Police Brutality Against Commissioned Army Officer


Stephon Spiegel (12th), Reporter

The movement towards raising awareness, documenting, and protesting against police brutality has always been a sad integral part of the culture of the United States. From the Civil Rights Movement in the 1950s-60s, the LA Riots in the 90s, all the way to the current Black Lives Matter Movement of today.


The racial tensions in the country have always been on thin ice, but with current events such as the brutal asphyxiation of George Floyd in May of 2020 and the 2021 killing of Duante Wright, the issue of systemic racism and racial bias in the police force has become larger than ever. 


This brings me to the situation at hand that upset me, the case of police brutality that happened to commissioned Army officer, 2LT (second lieutenant ) Caron Nazario. 


2LT was driving his newly registered vehicle, which due to it being new he did not have a plate on it, but had the plate in his windshield. Back in December of 2020 the Army officer was informed to be pulled over by the Virginia police, but he did not know as to the reason why. 2LT Nazario had a valid reason to be nervous about pulling over, as his uncle Eric Garner was brutally killed by being locked in a chokehold for several minutes back in 2014, as well as Nazaro being a man of African and Latin descent. 


So to make sure that if anything happened to him that it was seen, he slowed down to the pace of about a mile and pulled over to a well lit and populated gas station. This is where the true brutality came in.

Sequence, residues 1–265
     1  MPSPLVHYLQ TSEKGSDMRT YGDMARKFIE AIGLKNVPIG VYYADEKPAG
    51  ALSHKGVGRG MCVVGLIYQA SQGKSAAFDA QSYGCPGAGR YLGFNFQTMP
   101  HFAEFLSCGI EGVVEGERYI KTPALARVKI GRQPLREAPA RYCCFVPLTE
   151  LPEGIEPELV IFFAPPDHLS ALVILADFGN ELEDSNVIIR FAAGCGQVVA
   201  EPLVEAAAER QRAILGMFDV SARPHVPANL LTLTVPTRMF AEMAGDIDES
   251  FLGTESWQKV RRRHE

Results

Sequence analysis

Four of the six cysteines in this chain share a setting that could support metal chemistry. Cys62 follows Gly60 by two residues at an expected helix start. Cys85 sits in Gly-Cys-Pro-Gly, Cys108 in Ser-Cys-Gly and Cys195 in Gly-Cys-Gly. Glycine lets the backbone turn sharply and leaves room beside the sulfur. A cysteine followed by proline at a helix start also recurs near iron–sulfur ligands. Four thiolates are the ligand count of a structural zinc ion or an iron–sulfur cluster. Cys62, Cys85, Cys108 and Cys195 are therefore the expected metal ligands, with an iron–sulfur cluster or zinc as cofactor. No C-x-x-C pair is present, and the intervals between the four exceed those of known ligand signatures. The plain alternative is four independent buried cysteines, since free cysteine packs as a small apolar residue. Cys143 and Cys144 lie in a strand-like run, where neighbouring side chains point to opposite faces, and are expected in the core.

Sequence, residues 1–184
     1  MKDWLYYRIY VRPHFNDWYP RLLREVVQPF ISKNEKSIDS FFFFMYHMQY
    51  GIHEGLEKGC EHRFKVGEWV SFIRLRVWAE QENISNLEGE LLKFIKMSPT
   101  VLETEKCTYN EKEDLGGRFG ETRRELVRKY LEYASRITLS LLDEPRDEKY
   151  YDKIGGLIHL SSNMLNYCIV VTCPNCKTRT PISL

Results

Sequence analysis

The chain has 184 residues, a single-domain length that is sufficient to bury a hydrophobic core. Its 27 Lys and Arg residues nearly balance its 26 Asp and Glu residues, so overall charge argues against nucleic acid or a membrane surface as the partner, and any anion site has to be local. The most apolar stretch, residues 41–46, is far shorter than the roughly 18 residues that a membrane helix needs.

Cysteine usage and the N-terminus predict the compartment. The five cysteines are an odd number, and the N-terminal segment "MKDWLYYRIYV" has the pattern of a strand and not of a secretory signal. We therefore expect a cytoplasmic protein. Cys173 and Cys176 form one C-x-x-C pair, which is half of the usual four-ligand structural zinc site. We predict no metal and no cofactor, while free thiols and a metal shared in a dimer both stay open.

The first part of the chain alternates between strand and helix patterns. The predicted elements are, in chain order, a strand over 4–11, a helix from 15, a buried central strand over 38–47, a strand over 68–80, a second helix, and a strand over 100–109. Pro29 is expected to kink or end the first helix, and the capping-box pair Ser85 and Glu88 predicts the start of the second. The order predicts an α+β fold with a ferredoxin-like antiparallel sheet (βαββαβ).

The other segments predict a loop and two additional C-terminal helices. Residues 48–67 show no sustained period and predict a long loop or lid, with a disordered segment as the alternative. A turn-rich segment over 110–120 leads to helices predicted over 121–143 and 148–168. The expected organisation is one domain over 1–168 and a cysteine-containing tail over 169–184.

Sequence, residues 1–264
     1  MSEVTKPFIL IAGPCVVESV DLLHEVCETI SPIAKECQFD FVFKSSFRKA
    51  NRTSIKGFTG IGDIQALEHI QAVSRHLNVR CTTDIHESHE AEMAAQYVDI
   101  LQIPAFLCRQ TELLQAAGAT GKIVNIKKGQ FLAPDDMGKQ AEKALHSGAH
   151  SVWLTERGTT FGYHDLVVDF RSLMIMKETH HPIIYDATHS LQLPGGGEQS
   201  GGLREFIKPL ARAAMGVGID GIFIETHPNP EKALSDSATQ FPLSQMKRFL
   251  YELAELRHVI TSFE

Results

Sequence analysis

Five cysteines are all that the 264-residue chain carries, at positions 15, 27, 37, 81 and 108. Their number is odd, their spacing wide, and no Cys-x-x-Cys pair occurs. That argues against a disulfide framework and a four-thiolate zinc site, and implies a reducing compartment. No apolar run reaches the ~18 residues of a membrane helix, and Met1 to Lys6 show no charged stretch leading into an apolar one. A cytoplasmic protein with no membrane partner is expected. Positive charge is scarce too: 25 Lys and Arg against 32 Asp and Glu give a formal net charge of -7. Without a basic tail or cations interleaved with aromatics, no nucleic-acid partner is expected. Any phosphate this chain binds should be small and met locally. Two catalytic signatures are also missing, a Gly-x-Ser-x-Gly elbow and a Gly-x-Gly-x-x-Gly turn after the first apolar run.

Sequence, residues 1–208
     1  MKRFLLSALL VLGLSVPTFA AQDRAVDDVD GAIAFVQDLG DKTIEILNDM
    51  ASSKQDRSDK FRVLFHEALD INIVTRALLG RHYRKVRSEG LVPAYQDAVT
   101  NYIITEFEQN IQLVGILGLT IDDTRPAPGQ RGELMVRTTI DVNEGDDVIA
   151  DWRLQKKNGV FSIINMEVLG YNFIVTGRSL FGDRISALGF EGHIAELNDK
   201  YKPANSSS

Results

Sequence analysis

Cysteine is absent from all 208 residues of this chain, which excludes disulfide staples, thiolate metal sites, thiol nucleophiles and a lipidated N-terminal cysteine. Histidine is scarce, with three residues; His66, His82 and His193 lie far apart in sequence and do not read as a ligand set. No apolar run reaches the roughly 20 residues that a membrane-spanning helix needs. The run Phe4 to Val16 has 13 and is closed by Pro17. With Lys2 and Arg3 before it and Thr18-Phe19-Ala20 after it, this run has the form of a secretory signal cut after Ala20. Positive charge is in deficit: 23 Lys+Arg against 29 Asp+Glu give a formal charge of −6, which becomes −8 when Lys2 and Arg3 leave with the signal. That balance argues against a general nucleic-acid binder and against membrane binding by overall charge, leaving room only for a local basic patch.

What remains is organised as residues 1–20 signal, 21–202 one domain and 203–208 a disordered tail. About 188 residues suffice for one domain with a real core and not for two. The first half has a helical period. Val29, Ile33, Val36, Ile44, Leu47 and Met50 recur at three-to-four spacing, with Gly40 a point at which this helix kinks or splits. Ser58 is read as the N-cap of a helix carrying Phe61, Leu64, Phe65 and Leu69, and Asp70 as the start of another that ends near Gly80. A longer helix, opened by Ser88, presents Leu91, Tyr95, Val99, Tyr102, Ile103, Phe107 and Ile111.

The police stepped out of their cruiser under the protocol of a felony stop (any stop of a vehicle that contains a driver or passenger suspected of having committed a serious crime or who’s wanted on an outstanding felony warrant), weapons drawn and ready. 2LT Nazario had his hands outside his vehicle and displayed calmness and compliance. When 2LT Nazario calmly asked as to why he was being pulled over, he was only met with a cop macing him about 4 times directly in the face, to which Nazario somehow managed to keep his composure. Nazario displayed clearly that he was not going to make a movement with his hands period, as he was getting conflicting orders to stay put and get out of the vehicle. 


2LT Nazario then stated, 

“Im honestly afraid to get out of the car.”


Then the key victimizer, officer Joe Gutierrez stated,

“Yeah, you should be”


Is this an okay way for not only men of color, but a man of color who commissioned as an officer in the military of your country to be treated?


After the encounter, the police then de-escalate their own escalation and tell 2LT Nazario that the stop was only for his plates. They then proceed to threaten to jeopardize his military career if he sent out the video. The video had not been publicly released until April of 2021.


This video particularly struck me, as I am a man of color who is also planning on commissioning as an officer. I already lacked a trust in the police, but this further validated that thought process to such an unbelievable extent. Even a person in uniform that is in the nation’s armed forces can be seen for ONLY their color. 


Even in green the police can only see brown.


If 2LT Nazario had not made the active attempt to make sure he could be seen, he very likely could have been murdered and ended up just another name to the depressingly long list of people of color murdered by the police. 


I saw myself in 2LT Caron Nazario, that’s what upset me the most.